Emacs Lisp represents many special objects and constructs via special hash notations.
Objects that have no read syntax are presented like this (see Printed Representation and Read Syntax).
The printed representation of an interned symbol whose name is an empty string (see Symbol Type).
This is a shortcut for
function, see Anonymous Functions.
The printed representation of an uninterned symbol whose name is foo is ‘#:foo’ (see Symbol Type).
When printing circular structures, this construct is used to represent where the structure loops back onto itself, and ‘N’ is the starting list count:
(let ((a (list 1))) (setcdr a a)) => (1 . #0)
‘#N=’ gives the name to an object, and ‘#N#’ represents that object, so when reading back the object, they will be the same object instead of copies (see Read Syntax for Circular Objects).
‘N’ represented as a hexadecimal number (‘#x2a’).
‘N’ represented as an octal number (‘#o52’).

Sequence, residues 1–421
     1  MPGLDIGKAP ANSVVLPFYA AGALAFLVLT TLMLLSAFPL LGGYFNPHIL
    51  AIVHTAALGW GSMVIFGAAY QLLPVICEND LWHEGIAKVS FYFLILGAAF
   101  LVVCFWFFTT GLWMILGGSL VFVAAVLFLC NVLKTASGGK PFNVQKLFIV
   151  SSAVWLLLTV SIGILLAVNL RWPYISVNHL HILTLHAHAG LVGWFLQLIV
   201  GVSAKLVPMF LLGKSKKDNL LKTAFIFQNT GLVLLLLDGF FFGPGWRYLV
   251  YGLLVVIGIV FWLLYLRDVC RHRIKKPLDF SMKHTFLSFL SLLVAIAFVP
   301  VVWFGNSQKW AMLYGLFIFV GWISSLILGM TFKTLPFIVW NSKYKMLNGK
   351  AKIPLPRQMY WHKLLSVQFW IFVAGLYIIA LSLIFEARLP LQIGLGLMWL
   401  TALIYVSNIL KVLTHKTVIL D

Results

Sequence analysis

‘N’ represented as a binary number (‘#b101010’).
String text properties (see Text Properties in Strings).
A char table (see Char-Table Type).
A hash table (see Hash Table Type).
A character (see Basic Char Syntax).
The current file name in byte-compiled files (see Documentation Strings and Compilation). This is not meant to be used in Emacs Lisp source files.
Skip the next ‘N’ characters (see Comments). This is used in byte-compiled files, and is not meant to be used in Emacs Lisp source files.
Indicates that the following form isn’t readable by the Emacs Lisp reader. This is only in text for display purposes (when that would look prettier than alternative ways of indicating an unreadable form) and will never appear in any Lisp file.